Unlike the usual, peremptory coverage of Palestinian attacks on Israelis, World Service reporting on the Rantissi attack was extensive. Listeners heard repeatedly about Bush’s “stern rebuke” of Israel, discussion about whether or not the attempted killing was “legal,”and numerous, editorial comments by BBC interviewers. In an interview with Israeli Foreign Ministry representative, BBC’s Owen Bennet Jones demonstrated his acceptance of the terrorist group leader’s words and chastised Israel:

He[Rantisis] said Hamas was considering changing its targeting policy and would not target Israeli civilians. After this attack [he is] now vowing revenge. You’ve just missed a chance, haven’t you? (World Service News, June 10, 2003)

There was, of course, no credible evidence that Hamas was in the process of instituting a significant shift away from its decades of targeting civilians.

When, on the following day, a Hamas terrorist dressed as an Orthodox Jew mounted an Egged bus during rush hour in downtown Jerusalem and detonated a massive explosive laced with metal fragments to kill 17 innocent Israeli civilians and wound over 100, World Service’s Judy Swallow presented the attack as &# 147;predictable,” “tit-for-tat violence.” An account of the gruesome bombing was balanced by a description of Israel’s subsequent anti-terrorist attacks in Gaza, described as “a swift and depressingly familiar” response.

Despite the fact that Hamas had refused to accept a ceasefire in Aqaba, that in the intervening time Israeli security forces had received 55 warnings (almost half by Hamas) of planned terrorist attacks, that they had already apprehended 10 potential suicide bombers, and that 18 terrorist attacks had been attempted or successfully carried out (claiming seven Israeli lives), Swallow nevertheless suggested that Israel bore responsibility for the most recent Hamas bombing as a result of its targeting of Rantisi. Responding to Israeli Foreign Ministry Spokesman Gideon Meir’s insistence that this attack could not possibly have been a response to the Israeli attempt on Rantisi’s life because of the time factor, she contended:

Nevertheless the deal at Aqaba was that targeted assassinations would stop in return for a Hamas ceasefire. Do you not see that they could have called off this attack if it was indeed their fault or their responsibility? Have you kept your side of the bargaiin? (World Service News, June 11, 2003)

Swallow was dogged in blaming Israel even after it was pointed out that Hamas had never accepted a ceasefire at Aqaba. She argued:

But Mr. Bush himself said that the sort of attack you carried out on Mr. Rantissi was undermining the ability of the new Palestinian leader Mahmoud Abbas to try to reign them in. You know that that’s the way it works–that there has to be some sort of offer to Hamas so that Mahmoud Abbas has something to offer them. (World Service News, June 11, 2003)

Of course, this is wrong. According to the peace plan proposed by the U.S., Russia, United Nations and European Union, known as the “Road Map,” Abbas was to call for “an immediate and unconditional ceasefire to end armed activity and all acts of violence against Israelis anywhere” [emphasis added].

Facts apparently do not get in the way of BBC’s unabashed hostility towards Israel and partisanship toward even groups such as Hamas.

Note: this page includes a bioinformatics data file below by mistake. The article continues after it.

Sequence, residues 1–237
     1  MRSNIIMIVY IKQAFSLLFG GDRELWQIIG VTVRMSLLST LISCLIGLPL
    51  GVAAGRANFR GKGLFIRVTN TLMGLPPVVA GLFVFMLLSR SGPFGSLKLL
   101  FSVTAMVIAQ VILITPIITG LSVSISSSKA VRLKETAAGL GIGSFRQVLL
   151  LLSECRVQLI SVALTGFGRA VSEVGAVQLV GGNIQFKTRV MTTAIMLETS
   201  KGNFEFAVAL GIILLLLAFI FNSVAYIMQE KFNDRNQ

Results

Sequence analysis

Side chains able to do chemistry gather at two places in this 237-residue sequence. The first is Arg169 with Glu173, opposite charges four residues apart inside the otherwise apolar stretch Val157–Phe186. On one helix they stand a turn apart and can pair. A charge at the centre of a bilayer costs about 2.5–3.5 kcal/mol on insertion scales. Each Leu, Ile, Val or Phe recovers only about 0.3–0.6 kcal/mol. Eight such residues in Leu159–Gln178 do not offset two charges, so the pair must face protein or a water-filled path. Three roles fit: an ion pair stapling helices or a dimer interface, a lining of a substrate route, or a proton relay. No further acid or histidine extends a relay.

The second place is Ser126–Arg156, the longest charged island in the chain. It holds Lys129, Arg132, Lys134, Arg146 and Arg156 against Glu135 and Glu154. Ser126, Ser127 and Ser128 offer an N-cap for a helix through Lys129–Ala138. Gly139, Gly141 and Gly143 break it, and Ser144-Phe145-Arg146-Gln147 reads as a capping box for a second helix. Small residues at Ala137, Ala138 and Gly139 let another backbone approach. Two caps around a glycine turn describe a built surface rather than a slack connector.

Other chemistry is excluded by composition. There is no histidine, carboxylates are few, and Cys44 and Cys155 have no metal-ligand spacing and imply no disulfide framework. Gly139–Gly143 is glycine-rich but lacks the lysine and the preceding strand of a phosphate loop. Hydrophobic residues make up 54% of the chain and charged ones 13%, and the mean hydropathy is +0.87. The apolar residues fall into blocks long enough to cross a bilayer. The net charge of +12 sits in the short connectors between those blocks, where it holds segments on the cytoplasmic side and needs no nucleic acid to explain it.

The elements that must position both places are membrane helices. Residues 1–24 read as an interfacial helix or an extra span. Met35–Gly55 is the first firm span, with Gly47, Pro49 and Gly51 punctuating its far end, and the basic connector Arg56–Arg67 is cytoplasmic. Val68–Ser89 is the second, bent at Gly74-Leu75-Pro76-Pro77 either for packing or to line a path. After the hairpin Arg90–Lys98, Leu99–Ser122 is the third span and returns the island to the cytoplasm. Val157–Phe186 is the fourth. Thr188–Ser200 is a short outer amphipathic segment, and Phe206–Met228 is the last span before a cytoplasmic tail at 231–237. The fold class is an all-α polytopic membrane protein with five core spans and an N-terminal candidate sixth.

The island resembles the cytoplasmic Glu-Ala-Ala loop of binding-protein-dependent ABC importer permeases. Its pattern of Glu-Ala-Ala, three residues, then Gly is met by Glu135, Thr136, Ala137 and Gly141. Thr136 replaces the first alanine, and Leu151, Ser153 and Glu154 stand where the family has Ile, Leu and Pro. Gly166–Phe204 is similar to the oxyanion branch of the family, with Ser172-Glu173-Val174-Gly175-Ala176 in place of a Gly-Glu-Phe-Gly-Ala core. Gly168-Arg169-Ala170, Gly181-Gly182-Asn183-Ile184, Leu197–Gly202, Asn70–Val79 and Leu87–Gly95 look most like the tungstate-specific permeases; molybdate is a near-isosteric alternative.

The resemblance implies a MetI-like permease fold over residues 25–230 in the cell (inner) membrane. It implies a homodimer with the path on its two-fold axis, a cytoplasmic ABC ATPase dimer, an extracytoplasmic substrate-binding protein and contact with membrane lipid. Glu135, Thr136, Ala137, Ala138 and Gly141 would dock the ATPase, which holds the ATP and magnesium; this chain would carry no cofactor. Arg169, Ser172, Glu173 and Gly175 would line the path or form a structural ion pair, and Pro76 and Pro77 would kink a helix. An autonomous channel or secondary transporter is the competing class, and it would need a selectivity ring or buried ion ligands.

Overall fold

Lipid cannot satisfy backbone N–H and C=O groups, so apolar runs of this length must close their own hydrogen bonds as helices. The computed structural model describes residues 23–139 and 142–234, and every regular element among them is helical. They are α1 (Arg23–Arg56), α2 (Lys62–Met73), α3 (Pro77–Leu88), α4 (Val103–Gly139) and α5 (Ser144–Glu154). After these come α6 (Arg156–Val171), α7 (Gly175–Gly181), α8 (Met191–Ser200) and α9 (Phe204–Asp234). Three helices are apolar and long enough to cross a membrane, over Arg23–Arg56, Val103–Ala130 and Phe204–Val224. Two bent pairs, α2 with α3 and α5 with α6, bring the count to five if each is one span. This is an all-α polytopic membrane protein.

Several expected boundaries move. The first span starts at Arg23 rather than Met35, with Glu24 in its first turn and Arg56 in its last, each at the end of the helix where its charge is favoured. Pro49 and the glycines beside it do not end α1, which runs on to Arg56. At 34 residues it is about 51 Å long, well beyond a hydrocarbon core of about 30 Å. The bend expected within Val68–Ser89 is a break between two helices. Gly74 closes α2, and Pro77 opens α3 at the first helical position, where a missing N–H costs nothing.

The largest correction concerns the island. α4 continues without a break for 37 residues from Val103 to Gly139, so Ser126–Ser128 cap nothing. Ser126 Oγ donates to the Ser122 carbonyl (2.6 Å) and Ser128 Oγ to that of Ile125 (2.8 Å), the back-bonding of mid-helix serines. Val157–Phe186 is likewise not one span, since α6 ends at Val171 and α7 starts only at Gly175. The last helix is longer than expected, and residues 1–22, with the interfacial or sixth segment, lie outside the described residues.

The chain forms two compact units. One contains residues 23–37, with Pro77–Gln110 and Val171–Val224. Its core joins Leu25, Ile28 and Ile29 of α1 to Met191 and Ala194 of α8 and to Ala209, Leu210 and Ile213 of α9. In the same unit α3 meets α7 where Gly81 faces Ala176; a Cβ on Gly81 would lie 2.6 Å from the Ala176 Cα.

“Road Map”

The “Road Map,” is predicated on the Palestinian leadership “acting decisively against terror.” Yet BBC’s Judy Swallow has disregarded this cornerstone of the plan, portraying it instead as an unreasonable Israeli demand. She declared:

Hamas is a much stronger power than Mahmoud Abbas, so when the Israelis say Abbas must reign in Hamas, it’s like saying the tail must wag the dog.(World Service News, June 11, 2003)

Unlike the Road Map’s requirement for the Palestinians to dismantle terrorist groups, there is no such requirement of Israel to release Palestinian prisoners. Yet Israel has agreed to do so as a goodwill gesture. BBC however reports otherwise.

The morning and afternoon BBC World Service News broadcasts on July 8, 2003 contained no mention of a suicide bombing by a Palestinian terrorist the night before that had killed a 65-year-old Israeli grandmother and wounded three of her grandchildren. Yet both reports included the following observation about the immediate threat to peace in the Middle East:

The Palestinian prime minister Mahmoud Abbas has called off a meeting scheduled for Wednesday with his Israeli counterpart, Ariel Sharon. The immediate issue threatening to throw the peace plan off track is the release of about 6000 Palestinian prisoners. The Israelis have agreed to free several hundred of them but correspondents say that is not enough to satisfy the Palestinian militants who made the issue a condition of their ceasefire. (World Service News, July 8, 2003)

According to the BBC, apparently all Palestinian demands must be met and terrorist groups must be appeased, no matter the cost in Israeli lives. Terrorist attacks are routinely ignored or cast as a consequence of Israel’s anti-terrorist actions. And Israel is inevitably blamed for any failure to advance the peace process.

The American public need not accept the British news organization’s advocacy journalism and biased agenda. Consumers of BBC World Service reports do have recourse. They can urge their local public radio stations not to carry BBC World Service reports and put pressure on PRI and its sponsors to find an alternate, more objective source of news reports.